FIG. 1A is a plan view of a substrate that can be printed, according to various embodiments of the present teachings. FIG. 1B is a plan view of a substrate as shown in FIG. 1A printed with one or more inks. FIG. 1C is a plan view of a substrate as shown in FIG. 1A printed with one or more inks. FIG. 2A is a cross-sectional view of a partially printed substrate in accordance with various embodiments of the present teachings. FIG. 2B is a cross-sectional view of the substrate shown in FIG. 2A printed by first and second printer passes. FIG. 2C is a cross-sectional view of the substrate shown in FIG. 2A that has been printed and partially dried. FIG. 3A is a plan view of a substrate printed with one or more inks using at least two passes of an inkjet printhead. FIG. 3B is a plan view of a substrate printed with one or more inks using at least two passes of an inkjet printhead, according to various embodiments of the present teachings. FIG. 4 is a schematic diagram clearly showing the Marangoni effect. FIG. 5A is a plan view of a substrate containing a plurality of pixels and a gas knife that directs a sheet flow of air across the substrate in a direction consistent with the length of the pixels. FIG. 5B is a plan view of a substrate containing a plurality of pixels and a gas knife that directs a sheet flow of gas across the substrate, the substrate configured such that the gas flow is perpendicular to the length of the plurality of pixels. Has been. FIG. 6A shows that a substrate containing a plurality of pixels can rest on the chuck and a gas knife can generate a sheet flow of gas across the substrate in a direction consistent with the length of the plurality of pixels. 1 is a top right perspective view of an inkjet printing system, according to various embodiments of the present teachings, configured in accordance with FIG. 6B is an enlarged top right perspective view of an alternative to the inkjet printing system shown in FIG. 6A. 6C is a top right perspective view of an alternative to the inkjet printing system shown in FIG. 6A. FIG. 6D is a plan view of the ink jet printing system shown in FIG. 6A. FIG. 7A is a top right perspective view of an inkjet printing system according to various embodiments of the present teachings, a substrate containing a plurality of pixels, and a gas knife with a substrate in which the gas knife is perpendicular to the length of the plurality of pixels. It is configured to direct a sheet flow of gas across. FIG. 7B is a top right perspective view of an alternative to the inkjet printing system shown in FIG. 7A. FIG. 7C is a plan view of the inkjet printing system shown in FIG. 7A. FIG. 7D is an upper left perspective view of the inkjet printing system shown in FIG. 7A. FIG. 8 schematically illustrates a solvent vapor removal apparatus according to various embodiments of the present teachings. FIG. 9 schematically illustrates a solvent vapor removal apparatus that may be in a temporary relationship with a transfer surface, according to various embodiments of the present teachings. FIG. 10 is the same as FIG. 9, but illustrates the device at a different point in time. FIG. 11 schematically illustrates a solvent vapor removal apparatus that may be in a temporary relationship with a transfer surface, according to various embodiments of the present teachings. FIG. 12 is identical to FIG. 11 but illustrates the device at a different point in time. FIG. 13 schematically illustrates a solvent vapor removal apparatus that may be in a temporary relationship with the transfer surface, according to yet another embodiment of the present teachings. FIG. 14 schematically illustrates a solvent vapor removal apparatus comprising a plurality of units of the solvent vapor removal apparatus of FIG. 9 according to various embodiments of the present teachings. FIG. 15 schematically illustrates a solvent vapor removal apparatus comprising a larger unit of the solvent vapor removal apparatus of FIG. 8 according to yet another embodiment of the present teachings. FIG. 16 schematically illustrates a solvent vapor removal apparatus as part of a rotating drum deposition system, according to another embodiment of the present teachings. FIG. 17 schematically illustrates a solvent vapor removal apparatus as part of a rotating facet drum deposition system, according to another embodiment of the present teachings. FIG. 18 schematically illustrates a solvent vapor removal apparatus that is part of a film forming apparatus, according to yet another embodiment of the present teachings. FIG. 19 schematically illustrates a solvent vapor removal apparatus that is part of a film forming apparatus, according to yet another embodiment of the present teachings. FIG. 20 schematically illustrates a solvent vapor removal apparatus comprising multiple units of the solvent vapor removal apparatus of FIG. 18 according to yet another embodiment of the present teachings. FIG. 21 is a flow diagram illustrating a method for forming a film according to various embodiments of the present teachings. FIG. 22 is a flow diagram illustrating a method for forming a film, according to various embodiments of the present teachings. FIG. 23 is a schematic diagram illustrating different gas velocities at various locations on a substrate, according to various embodiments of the present teachings. FIG. 24 is a schematic illustration of a substrate printed at various locations with different drying times, according to various embodiments of the present teachings. FIG. 25 is a schematic illustration of a substrate showing various locations of the substrate printed with one or more inks and having different drying times, according to various embodiments of the present teachings.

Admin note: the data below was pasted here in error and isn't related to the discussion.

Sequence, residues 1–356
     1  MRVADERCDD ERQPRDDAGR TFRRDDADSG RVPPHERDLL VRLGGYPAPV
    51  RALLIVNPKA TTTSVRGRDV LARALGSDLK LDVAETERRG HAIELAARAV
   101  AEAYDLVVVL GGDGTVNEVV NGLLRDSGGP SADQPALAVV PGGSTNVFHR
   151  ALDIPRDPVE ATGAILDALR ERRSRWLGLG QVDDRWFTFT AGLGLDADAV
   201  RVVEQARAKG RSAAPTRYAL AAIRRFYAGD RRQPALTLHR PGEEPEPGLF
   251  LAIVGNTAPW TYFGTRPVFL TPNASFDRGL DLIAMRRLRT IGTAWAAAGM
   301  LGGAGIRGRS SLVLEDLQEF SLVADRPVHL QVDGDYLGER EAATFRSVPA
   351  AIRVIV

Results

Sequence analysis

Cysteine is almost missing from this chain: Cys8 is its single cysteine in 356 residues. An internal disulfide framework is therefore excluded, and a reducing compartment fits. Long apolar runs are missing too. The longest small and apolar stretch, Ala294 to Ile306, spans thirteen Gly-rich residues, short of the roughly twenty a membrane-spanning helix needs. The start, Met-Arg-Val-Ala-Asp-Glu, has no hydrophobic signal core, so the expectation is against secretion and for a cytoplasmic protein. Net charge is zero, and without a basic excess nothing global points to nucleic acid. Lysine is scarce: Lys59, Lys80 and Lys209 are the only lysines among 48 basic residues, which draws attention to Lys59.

The present teachings relate to the discovery and resolution of troublesome problems facing the printing of various inks on a substrate. The problem involves a phenomenon referred to herein as “integration”. Integration can occur when a first region of pixels is printed on a substrate and then a second adjacent region is printed on the same substrate. At the interface between these two areas, a row of pixels in the first print area can undergo integration, i.e., more ink is transferred to one of the pixel banks than to the opposite end of the pixel bank. The ink dries so that it reaches the end. As a result, non-uniform pixels are created. This phenomenon can be better understood with reference to FIGS. 1A, 1B, and 1C.